In early 2020, officials put out a report on workplace incidents and fatalities, looking at the data for 2018. It’s the most recent report on the books, and it shows a concerning trend: Workplace deaths are increasing.
While the stats do move up and down a bit over the years, 2018 saw a very clear rise. Here is the data from the last few years to show just how common these fatalities are in California:
- 2014: 344 deaths
- 2016: 388 deaths
- 2017: 376 deaths
- 2018: 422 deaths
The jump from 2014 to 2016 was concerning enough, but things appeared to get safer with a slight decline in 2017. That progress got washed out in 2018, though, with a massive increase that broke the 400 mark.
The chief with the Division of Occupational Safety and Health put out a statement with the reports, saying that they showed how important safety is and how officials need to do all in their power to make sure workers have safe environments in which to carry out their careers.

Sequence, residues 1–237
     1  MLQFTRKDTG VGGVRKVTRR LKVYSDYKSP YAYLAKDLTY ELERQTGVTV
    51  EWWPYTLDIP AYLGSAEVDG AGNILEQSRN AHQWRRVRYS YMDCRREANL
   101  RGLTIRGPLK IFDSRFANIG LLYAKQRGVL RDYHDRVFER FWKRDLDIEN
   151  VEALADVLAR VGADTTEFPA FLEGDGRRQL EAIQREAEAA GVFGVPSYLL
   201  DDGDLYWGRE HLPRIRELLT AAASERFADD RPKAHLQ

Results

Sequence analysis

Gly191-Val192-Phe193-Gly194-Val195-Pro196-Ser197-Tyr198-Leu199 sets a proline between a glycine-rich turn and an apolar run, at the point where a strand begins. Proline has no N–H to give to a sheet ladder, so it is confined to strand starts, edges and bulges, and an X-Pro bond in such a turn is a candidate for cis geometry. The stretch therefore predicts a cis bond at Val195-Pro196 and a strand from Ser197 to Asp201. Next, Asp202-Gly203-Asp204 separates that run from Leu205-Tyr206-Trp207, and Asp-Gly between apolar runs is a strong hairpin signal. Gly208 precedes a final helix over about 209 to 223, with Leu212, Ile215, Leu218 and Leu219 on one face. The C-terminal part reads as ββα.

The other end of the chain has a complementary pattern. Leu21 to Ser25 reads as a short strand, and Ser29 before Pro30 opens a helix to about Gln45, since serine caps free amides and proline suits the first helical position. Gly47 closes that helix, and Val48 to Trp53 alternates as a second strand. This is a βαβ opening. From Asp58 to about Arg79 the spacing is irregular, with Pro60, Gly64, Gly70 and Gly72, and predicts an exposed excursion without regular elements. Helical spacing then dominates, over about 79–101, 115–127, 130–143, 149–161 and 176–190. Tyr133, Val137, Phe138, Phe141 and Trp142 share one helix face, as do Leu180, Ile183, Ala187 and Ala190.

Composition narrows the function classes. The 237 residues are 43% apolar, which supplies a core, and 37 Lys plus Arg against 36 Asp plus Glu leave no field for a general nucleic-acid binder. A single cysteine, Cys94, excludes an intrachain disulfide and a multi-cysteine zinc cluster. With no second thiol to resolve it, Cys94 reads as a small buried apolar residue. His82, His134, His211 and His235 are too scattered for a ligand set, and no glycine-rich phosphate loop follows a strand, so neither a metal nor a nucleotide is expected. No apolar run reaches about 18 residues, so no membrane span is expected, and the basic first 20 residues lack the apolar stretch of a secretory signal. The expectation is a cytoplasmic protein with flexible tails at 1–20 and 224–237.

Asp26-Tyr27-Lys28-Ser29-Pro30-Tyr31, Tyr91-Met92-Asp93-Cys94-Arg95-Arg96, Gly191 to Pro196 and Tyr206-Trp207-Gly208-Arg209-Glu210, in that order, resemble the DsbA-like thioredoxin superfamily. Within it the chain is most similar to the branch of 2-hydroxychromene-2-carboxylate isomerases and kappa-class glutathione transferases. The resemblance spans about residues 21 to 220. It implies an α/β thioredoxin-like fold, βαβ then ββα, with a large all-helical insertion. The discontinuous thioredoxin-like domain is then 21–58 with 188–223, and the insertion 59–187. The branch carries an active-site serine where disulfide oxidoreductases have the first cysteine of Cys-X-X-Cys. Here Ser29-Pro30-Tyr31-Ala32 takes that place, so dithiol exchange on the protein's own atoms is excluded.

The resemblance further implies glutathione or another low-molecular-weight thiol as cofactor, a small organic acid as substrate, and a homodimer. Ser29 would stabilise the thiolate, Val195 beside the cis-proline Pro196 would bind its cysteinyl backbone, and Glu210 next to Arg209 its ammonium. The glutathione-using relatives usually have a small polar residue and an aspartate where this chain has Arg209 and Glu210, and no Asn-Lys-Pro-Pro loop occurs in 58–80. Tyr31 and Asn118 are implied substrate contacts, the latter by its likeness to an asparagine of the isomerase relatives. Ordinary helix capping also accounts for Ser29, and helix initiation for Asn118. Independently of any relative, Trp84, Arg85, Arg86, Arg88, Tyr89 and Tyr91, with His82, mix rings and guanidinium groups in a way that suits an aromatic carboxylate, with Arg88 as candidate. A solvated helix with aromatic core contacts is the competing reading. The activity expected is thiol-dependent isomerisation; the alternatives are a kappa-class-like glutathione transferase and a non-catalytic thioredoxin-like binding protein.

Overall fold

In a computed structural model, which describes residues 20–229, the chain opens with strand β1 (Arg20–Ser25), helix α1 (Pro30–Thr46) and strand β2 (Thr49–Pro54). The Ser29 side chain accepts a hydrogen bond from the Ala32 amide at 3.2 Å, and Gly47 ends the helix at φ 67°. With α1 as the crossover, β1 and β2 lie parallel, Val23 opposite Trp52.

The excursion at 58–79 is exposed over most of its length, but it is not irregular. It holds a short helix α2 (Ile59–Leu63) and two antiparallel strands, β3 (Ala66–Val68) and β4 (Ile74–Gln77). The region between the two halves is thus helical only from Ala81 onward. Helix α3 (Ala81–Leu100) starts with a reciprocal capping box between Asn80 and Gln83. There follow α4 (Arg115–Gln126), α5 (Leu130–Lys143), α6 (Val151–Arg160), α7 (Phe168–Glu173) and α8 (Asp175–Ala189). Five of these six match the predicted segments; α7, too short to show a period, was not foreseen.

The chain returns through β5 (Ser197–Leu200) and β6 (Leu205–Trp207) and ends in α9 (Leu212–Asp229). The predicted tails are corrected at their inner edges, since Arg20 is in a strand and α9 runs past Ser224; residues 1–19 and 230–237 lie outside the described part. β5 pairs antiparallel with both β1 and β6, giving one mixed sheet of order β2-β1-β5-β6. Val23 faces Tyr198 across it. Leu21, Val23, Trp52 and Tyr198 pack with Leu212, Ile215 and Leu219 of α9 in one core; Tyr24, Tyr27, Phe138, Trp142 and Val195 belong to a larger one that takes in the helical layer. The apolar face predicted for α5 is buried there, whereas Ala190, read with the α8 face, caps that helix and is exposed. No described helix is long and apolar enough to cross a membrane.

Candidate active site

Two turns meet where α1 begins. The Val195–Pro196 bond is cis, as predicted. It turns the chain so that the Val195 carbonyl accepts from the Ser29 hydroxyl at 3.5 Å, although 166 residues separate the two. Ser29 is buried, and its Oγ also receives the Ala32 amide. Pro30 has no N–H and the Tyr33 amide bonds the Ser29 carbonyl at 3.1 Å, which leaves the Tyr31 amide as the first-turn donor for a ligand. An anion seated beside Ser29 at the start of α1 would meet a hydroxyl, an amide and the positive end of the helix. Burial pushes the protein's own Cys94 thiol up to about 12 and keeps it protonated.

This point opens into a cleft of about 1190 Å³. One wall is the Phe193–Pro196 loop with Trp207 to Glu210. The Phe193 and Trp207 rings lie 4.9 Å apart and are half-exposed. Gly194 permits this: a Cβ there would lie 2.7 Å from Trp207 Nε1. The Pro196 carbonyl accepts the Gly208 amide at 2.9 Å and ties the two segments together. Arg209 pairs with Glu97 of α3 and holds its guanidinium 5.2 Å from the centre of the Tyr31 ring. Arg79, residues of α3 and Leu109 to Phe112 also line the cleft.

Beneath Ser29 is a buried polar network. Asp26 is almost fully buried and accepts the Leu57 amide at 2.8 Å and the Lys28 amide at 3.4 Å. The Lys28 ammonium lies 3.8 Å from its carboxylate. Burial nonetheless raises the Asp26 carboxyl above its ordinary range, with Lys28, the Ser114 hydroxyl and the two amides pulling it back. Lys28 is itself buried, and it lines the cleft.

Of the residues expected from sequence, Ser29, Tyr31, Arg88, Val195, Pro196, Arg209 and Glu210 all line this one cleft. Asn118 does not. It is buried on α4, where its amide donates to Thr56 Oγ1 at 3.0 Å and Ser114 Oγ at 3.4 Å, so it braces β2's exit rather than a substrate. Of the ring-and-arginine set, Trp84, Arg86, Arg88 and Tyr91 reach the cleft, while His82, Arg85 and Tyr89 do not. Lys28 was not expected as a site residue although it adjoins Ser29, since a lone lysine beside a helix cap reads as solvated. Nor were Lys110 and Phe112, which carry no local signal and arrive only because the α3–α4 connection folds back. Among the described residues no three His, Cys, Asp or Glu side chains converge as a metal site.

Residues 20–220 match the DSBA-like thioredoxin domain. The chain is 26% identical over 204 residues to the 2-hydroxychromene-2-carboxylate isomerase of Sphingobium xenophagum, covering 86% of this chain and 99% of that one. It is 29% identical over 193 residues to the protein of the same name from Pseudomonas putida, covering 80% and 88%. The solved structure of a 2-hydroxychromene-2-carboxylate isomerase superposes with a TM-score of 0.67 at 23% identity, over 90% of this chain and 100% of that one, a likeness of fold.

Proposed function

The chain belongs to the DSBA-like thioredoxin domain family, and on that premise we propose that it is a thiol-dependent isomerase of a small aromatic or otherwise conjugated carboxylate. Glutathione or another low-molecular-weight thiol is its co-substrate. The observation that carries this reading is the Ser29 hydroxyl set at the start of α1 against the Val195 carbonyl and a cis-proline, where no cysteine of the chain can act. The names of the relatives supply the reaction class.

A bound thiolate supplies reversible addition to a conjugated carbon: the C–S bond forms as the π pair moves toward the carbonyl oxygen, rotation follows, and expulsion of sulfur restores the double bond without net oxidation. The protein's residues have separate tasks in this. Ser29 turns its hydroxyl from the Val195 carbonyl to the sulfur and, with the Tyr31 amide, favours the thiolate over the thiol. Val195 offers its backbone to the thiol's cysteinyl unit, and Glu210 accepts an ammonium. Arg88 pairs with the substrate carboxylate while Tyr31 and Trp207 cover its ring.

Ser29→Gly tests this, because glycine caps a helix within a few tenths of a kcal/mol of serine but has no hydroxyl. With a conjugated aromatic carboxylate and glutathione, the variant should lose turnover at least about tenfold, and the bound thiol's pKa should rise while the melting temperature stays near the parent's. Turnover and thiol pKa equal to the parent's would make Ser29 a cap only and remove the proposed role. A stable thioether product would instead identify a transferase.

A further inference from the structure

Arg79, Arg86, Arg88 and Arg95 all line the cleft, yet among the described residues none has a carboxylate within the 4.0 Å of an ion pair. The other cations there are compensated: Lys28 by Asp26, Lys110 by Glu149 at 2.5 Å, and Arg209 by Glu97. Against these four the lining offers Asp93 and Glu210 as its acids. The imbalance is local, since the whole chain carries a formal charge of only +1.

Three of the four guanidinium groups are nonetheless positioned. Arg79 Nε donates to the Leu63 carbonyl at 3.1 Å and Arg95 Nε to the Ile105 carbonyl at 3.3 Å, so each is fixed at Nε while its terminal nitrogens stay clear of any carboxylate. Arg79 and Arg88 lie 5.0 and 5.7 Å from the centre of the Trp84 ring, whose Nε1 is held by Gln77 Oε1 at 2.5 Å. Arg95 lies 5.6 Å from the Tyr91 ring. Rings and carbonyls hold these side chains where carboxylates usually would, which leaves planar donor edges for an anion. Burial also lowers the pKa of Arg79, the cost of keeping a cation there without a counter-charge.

One trend that worries officials, according to the reports, is how often Latino workers lose their lives on the job. It seems to happen at a disproportionate rate, making up 43% of all worker deaths in 2018. This raises questions about the industries they work in and if safety measures are really the same for all workers.
Regardless of your industry or your race, if you get injured on the job, you must know your rights. The same is true for the families of workers who lose their lives. They may be able to seek compensation for funeral costs, lost earnings and much more.